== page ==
This A Thousand Times 06

Sixth Discourse from the series of 15 discourses - This A Thousand Times by Osho.
You can listen, download or read all of these discourses on oshoworld.com.

In ancient times, there were sixteen Bodhisattvas. At the monks’ bath-time, following the rule, they had baths. They suddenly experienced realization through the touch of the water.
You reverend Zen students, do you understand their words? – “We experienced the subtle and clear touch, have attained buddhahood, and still retain it.”
You will be able to attain this condition after seven times piercing and eight times breaking through.
Maneesha, before I discuss the anecdote I have to give you the background. First, buddhahood is your nature. If you are sensitive enough, you can become aware of it through any sense: through touch, through taste, through the eyes, through the ears – because it is not outside of you, it is only a question of deep concentration. Then any sense that is predominant in you will become the revelation.
Remember, everybody has different senses of different intensity. Somebody can see more, only then can he become a painter. Most people cannot see like a painter. Somebody has ears for music… Not everybody has: the subtler the music, the deeper the sensitivity that will be needed to hear it.
I am reminded of a great dancer, Nijinsky, who used to jump to such heights in his dances… Which were scientifically impossible: they were going against gravitation. You can jump only to a certain limit. It was a miracle to see Nijinsky jumping – beyond gravitation, as if he has become so light and free from gravitation.
Even more miraculous was his coming back to the earth. If anything comes toward the earth, it comes with a force, the gravitation pulls it. You cannot hesitate, and you cannot delay and postpone. It is not in your hands. If you fall from a height, it is not in your hands to go with lesser speed or more speed. There is no speedometer in your hands.
But Nijinsky fell just like a feather, showing again that gravitation is transcended. He was asked again and again – obviously: “What is the secret?”
And he said, “Don’t ask me, because whenever ‘I’ try I fail. I cannot jump that height, neither can I fall like a feather. But dancing, once in a while I forget myself and suddenly it happens. The moment I am not – the miracle! I cannot give you the secret because there is no secret in my hands.”
Nijinsky was not a mystic, but he was experiencing a mystical state. He was not a philosopher; hence he could not even give an explanation. He simply said in the most authentic, sincere way, “There comes a moment in my dance that I don’t find myself anywhere. In that state whatever happens is not my doing.”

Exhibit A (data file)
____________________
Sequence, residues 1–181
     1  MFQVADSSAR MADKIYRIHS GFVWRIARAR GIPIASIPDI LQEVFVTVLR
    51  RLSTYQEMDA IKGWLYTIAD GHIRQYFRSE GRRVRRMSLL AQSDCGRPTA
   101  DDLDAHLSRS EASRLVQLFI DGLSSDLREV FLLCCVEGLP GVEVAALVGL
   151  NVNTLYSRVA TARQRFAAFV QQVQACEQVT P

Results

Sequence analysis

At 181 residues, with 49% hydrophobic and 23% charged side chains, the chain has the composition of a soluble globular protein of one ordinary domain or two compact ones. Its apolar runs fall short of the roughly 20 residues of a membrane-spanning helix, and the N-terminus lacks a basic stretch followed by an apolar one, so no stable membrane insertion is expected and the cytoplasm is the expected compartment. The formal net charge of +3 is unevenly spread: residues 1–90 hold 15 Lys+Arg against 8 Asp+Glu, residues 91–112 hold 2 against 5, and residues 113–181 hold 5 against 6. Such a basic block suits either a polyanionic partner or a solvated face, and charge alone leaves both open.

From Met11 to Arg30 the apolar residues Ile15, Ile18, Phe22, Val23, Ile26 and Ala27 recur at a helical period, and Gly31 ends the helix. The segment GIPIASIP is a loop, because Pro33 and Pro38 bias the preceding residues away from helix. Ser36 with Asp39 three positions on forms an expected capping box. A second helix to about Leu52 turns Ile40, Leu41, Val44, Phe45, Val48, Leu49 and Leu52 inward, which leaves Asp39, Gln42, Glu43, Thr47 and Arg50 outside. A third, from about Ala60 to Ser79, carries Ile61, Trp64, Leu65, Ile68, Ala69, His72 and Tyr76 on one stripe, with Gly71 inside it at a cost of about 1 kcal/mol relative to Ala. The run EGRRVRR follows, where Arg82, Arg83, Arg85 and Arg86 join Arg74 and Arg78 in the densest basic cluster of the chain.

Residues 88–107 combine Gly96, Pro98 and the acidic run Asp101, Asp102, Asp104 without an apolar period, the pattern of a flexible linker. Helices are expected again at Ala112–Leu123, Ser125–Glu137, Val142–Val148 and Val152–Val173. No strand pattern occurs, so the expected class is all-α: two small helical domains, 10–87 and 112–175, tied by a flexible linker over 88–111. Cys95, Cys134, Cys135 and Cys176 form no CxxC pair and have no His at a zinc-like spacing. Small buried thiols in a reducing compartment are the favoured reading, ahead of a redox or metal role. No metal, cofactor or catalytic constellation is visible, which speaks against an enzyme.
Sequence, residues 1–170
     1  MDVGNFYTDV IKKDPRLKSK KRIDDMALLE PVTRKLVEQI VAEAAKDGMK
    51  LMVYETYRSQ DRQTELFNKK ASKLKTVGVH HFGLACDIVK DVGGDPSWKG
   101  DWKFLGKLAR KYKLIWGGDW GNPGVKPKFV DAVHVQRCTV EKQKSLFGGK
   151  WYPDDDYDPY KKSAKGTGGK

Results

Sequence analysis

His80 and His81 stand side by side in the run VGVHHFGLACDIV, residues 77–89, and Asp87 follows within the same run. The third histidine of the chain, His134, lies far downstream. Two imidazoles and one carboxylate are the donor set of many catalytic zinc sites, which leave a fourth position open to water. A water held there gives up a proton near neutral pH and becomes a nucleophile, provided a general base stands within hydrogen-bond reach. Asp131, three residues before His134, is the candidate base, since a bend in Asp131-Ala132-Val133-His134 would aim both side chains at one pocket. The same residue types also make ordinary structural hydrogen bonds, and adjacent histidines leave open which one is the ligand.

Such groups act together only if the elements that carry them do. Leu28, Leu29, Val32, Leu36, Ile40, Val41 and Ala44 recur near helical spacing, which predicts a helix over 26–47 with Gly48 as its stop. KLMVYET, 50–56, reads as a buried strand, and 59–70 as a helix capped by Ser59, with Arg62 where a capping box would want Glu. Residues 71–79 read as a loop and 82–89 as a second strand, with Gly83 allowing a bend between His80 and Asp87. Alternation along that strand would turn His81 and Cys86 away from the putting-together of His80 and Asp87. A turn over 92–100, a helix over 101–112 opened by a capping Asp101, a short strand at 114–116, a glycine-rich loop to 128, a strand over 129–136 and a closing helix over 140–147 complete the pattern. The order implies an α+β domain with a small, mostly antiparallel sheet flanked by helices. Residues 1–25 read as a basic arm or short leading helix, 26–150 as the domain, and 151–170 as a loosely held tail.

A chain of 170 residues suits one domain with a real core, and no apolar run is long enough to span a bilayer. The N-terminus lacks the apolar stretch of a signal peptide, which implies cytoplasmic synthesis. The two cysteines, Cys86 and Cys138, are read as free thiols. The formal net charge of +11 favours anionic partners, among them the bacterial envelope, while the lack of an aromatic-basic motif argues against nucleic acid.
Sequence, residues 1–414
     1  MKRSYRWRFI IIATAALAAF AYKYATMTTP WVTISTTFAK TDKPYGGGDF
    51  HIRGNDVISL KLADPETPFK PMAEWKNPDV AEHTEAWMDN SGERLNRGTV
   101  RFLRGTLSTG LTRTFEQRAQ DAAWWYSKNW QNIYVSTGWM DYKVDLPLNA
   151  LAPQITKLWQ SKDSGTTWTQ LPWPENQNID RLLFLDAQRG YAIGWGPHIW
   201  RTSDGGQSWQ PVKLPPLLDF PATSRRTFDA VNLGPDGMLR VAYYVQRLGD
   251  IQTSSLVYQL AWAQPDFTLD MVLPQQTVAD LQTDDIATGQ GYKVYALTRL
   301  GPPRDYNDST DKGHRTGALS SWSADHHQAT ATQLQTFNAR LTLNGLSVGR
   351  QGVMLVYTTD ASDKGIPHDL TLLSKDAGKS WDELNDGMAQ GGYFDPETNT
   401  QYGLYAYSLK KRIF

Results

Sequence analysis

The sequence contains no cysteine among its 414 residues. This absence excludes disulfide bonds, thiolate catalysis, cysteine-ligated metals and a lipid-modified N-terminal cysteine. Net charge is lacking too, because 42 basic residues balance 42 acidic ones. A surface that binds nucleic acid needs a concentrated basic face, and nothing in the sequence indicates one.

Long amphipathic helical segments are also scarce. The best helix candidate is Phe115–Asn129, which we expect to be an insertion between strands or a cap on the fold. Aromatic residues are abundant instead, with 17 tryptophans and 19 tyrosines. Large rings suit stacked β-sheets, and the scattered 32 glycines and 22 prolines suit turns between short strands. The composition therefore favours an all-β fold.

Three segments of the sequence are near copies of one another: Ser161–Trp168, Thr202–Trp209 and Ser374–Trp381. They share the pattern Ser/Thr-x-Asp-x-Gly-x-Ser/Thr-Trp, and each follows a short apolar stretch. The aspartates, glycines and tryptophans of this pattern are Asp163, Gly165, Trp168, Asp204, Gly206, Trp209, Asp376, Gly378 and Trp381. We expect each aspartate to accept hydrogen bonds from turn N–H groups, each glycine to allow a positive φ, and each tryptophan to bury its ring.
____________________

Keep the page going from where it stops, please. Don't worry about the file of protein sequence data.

You can experience buddhahood just by being silent or just by being so loving that your hands melt into love; or by being so total in any act that your “I” disappears and only isness remains.
Isness is another name of buddhahood.
It is always within you, the question is by which door you are going to enter in.
This anecdote says:
In ancient times, there were sixteen Bodhisattvas. At the monks’ bath-time, following the rule, they had baths. They suddenly experienced realization through the touch of the water…
Don’t think it is just a story. If you are really alive and your touch is total, you can become enlightened just under your own shower. This anecdote is being told by a teacher to some disciples. He says,
You reverend Zen students…
Naturally it is not a dialogue between two masters, it is a conversation between a teacher and a student.
“‘We experienced the subtle and clear touch, have attained buddhahood, and still retain it.”
You will be able to attain this condition after seven times piercing and eight times breaking through.
“Seven times piercing” means going through all your layers, which are counted as seven. Only then can you reach to your center. And you will have to do it eight times! It is not a question of why eight? It is simply the experience that unless you go eight times piercing the seven layers of your mind you will not know what your innermost being is.
Just today I received a scientific research survey which has astonished scientists – it will astonish anyone. The survey was done on students to check their intelligence – and meanwhile there were machines detecting the activity going on inside the brain. The puzzling conclusion was that the less activity shown, the more intelligence there was. This was absolutely against the traditional idea: a more active mind has to be more intelligent.
That has been the superstition up to now, even in the eyes of science. But this survey gets rid of something… The mystic has always been saying: No-mind is intelligence.
Looking at the survey you can see two things: less activity, more intelligence. The natural conclusion will be, no activity, an absolute intelligence, but even the scientists who were doing the survey did not conclude in the way I am concluding.
No-mind means intelligence; mind means gibberish, not intelligence. And when I am asking you for gibberish, I am simply asking you to throw the mind and all its activity out so you remain behind, pure, clean, transparent, perceptive.
Another report I have received is from an institute in America. The institute trains actors for films. The director must have read me, because he forces every student in the institute to do the Dynamic Meditation, Kundalini Meditation and gibberish. And even those people who had come just to learn the art of acting have, strangely, felt a tremendous opening through gibberish – a silence from the unknown descending and overwhelming them.
Setcho’s commentary:
The enlightened man is master of one single thing:
Stretching at ease on his bed.
If, in a dream, the ancients said they were enlightened,
Let them emerge from the scented water, and I would spit at them!
Setcho’s intellectuality is too much. He cannot understand. He is like a blind man commenting on light.
A few footnotes.

“Sixteen Bodhisattvas”: in the Surangama Sutra – an ancient Buddhist scripture – there is an episode in which twenty-five Bodhisattvas relate their experiences of attaining realization. First Kyochinnyo and four others, the first five disciples of Buddha, stand up and describe their paths to realization…